Pity

We visited the floating village, which is a village made of boats. The lake that it rests on expands and contracts 4 kilometers during the rainy and dry season, making it essential to have floating houses and stores. We took a tour boat throughout the village, and this time I really felt like a tourist coming to look at something “exotic”.

The floating village was an interesting experience for me. Many students felt guilty for going through the village and taking pictures of the people, their houses and their lives, making it like a zoo. This village is one of the poorest places in Cambodia, yet our guide told us that a few years ago, researches did a study and found out that this village is happier than the average person. Although they are poorer than poor, they are happy.

I also enjoyed looking into the houses as we went by because they were all full of stuff. Some people had hammoks, t.v.’s, tables, etc. while others had many trinkets stuffed into their house boats. I imagine that some are known as the rich folk and others as the poor folk, just like Grand Rapids or any other city.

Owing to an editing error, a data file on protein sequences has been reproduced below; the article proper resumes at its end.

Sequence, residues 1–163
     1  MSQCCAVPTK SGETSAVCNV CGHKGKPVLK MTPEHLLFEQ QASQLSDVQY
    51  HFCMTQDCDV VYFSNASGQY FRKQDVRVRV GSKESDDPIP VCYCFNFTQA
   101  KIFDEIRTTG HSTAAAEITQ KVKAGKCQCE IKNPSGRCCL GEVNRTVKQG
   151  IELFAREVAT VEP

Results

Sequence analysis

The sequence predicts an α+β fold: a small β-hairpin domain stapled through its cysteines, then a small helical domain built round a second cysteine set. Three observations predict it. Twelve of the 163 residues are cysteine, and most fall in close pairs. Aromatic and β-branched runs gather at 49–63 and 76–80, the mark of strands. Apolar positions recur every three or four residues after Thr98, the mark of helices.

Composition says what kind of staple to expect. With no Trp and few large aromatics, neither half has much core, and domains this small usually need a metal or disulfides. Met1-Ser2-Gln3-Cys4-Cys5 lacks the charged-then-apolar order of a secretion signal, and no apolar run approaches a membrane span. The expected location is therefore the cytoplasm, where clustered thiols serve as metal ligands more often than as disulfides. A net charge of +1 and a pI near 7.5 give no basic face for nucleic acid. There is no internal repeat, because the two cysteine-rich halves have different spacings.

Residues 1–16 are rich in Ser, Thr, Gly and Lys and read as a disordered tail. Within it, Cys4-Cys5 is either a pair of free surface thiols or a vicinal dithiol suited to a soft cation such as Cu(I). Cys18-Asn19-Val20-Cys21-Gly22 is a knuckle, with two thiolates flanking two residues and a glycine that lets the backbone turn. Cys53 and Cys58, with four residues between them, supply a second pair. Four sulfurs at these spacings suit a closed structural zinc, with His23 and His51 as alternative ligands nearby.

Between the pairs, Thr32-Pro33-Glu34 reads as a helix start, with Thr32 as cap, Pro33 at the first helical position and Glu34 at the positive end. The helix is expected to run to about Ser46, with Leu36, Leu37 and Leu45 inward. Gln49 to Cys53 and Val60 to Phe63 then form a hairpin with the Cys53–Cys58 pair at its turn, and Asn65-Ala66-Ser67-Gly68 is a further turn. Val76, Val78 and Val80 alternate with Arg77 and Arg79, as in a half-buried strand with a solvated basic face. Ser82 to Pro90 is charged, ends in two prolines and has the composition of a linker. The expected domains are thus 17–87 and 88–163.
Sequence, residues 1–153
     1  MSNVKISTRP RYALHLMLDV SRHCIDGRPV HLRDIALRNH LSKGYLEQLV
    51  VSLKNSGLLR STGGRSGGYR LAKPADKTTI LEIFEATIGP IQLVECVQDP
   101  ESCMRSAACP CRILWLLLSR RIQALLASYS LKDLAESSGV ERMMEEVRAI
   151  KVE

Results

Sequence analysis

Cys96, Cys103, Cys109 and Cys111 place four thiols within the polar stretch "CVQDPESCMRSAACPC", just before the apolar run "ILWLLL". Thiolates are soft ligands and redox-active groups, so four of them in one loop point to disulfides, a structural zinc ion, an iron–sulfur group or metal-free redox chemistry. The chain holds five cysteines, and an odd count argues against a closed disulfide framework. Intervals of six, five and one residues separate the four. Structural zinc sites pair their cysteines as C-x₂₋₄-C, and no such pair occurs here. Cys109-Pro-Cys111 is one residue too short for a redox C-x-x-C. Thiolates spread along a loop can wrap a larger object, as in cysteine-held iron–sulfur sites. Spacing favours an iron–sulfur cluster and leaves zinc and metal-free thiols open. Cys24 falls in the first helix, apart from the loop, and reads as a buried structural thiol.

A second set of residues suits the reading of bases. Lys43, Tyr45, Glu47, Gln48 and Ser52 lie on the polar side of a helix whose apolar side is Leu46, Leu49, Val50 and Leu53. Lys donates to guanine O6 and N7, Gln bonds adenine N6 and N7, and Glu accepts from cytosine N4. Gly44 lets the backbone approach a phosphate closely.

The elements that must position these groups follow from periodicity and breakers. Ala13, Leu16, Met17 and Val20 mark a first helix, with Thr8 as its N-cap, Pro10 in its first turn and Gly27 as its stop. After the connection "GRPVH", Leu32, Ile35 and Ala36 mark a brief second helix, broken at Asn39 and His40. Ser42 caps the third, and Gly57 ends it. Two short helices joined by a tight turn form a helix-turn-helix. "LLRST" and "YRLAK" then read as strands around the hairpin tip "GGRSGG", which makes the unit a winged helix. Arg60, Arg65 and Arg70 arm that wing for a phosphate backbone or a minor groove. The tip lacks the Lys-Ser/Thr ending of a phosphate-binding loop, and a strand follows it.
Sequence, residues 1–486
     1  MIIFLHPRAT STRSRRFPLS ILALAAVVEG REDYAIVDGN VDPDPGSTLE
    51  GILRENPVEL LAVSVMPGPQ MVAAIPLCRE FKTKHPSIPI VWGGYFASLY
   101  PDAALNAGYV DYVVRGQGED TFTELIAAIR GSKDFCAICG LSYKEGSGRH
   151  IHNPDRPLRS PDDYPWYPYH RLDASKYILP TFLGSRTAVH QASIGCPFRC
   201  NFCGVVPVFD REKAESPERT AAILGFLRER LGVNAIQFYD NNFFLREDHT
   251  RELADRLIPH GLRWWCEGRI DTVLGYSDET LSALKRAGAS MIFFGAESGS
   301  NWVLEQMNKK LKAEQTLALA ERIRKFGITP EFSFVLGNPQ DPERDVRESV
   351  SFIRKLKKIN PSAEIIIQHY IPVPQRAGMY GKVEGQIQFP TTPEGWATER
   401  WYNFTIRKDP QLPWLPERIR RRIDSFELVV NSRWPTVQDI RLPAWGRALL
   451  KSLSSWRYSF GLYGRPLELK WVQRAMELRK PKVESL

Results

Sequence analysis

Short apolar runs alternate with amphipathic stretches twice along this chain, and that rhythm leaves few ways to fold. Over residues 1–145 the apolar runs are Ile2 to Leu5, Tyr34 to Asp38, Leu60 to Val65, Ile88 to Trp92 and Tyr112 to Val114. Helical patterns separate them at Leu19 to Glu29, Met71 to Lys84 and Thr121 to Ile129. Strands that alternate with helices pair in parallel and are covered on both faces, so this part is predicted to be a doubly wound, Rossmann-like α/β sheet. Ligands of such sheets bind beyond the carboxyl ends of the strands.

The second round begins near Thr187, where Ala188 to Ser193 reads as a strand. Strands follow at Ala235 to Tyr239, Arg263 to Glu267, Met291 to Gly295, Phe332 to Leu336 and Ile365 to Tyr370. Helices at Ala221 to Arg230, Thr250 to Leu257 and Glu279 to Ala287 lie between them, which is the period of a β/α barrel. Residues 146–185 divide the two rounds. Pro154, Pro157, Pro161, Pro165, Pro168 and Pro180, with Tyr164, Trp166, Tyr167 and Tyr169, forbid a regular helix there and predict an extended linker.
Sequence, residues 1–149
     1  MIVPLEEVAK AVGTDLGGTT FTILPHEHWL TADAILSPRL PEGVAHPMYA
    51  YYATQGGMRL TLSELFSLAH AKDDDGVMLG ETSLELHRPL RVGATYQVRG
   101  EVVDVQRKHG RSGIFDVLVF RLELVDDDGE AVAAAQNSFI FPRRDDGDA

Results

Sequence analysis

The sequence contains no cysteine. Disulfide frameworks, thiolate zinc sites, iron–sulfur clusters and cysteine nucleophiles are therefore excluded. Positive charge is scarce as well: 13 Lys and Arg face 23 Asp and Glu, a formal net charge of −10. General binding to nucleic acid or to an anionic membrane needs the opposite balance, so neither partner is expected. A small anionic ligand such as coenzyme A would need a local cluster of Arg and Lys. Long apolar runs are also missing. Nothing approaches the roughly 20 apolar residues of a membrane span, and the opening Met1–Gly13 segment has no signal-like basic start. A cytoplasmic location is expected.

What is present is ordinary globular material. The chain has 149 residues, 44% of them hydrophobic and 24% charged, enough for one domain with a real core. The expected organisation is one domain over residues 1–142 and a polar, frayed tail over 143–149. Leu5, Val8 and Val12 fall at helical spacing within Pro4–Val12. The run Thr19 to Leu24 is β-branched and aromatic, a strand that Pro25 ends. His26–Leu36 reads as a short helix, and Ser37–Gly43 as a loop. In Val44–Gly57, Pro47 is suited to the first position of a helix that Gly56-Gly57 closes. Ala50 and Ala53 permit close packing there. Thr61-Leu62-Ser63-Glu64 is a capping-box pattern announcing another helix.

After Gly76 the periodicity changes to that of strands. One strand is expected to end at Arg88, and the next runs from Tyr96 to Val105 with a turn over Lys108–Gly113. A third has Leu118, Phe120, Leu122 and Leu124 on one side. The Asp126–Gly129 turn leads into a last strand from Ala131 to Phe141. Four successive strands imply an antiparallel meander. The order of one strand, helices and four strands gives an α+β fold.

Many people said “I just want to take that child home with me.” They felt an immense amount of pity for these people because of their extreme poverty. Yet they are happier.

Do I pity the people of the floating village? Yes and no. Yes because there are some sanitary issues that could improve their overall health. But I do not pity their poverty and lifestyle. What is wrong with having a lower life expectancy? What is wrong with living your life paddling down the river in a tin bucket with your friends? What is wrong with never owning a pair of shoes? Yet they are happier.

So who do I pity? I pity the other side, the side who goes into the market and barters down until the vender makes less than a 1% profit. The side who pities the poor people yet takes advantage of them with manipulation and persuasion. The side who complains and complains about the heat, food, hotel, water, etc. The side who wants to “save” Cambodia by bringing them to America or imposing American beliefs on them.

The “saving” should be the other way around. The saving needs to happen to the children who sit in a large house full of toys and games and say “There’s nothing to do. I’m bored.”

Alison DeRooy

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1 comment so far

  1. Ann DeRooy on

    Ahhh, a child after my own heart!


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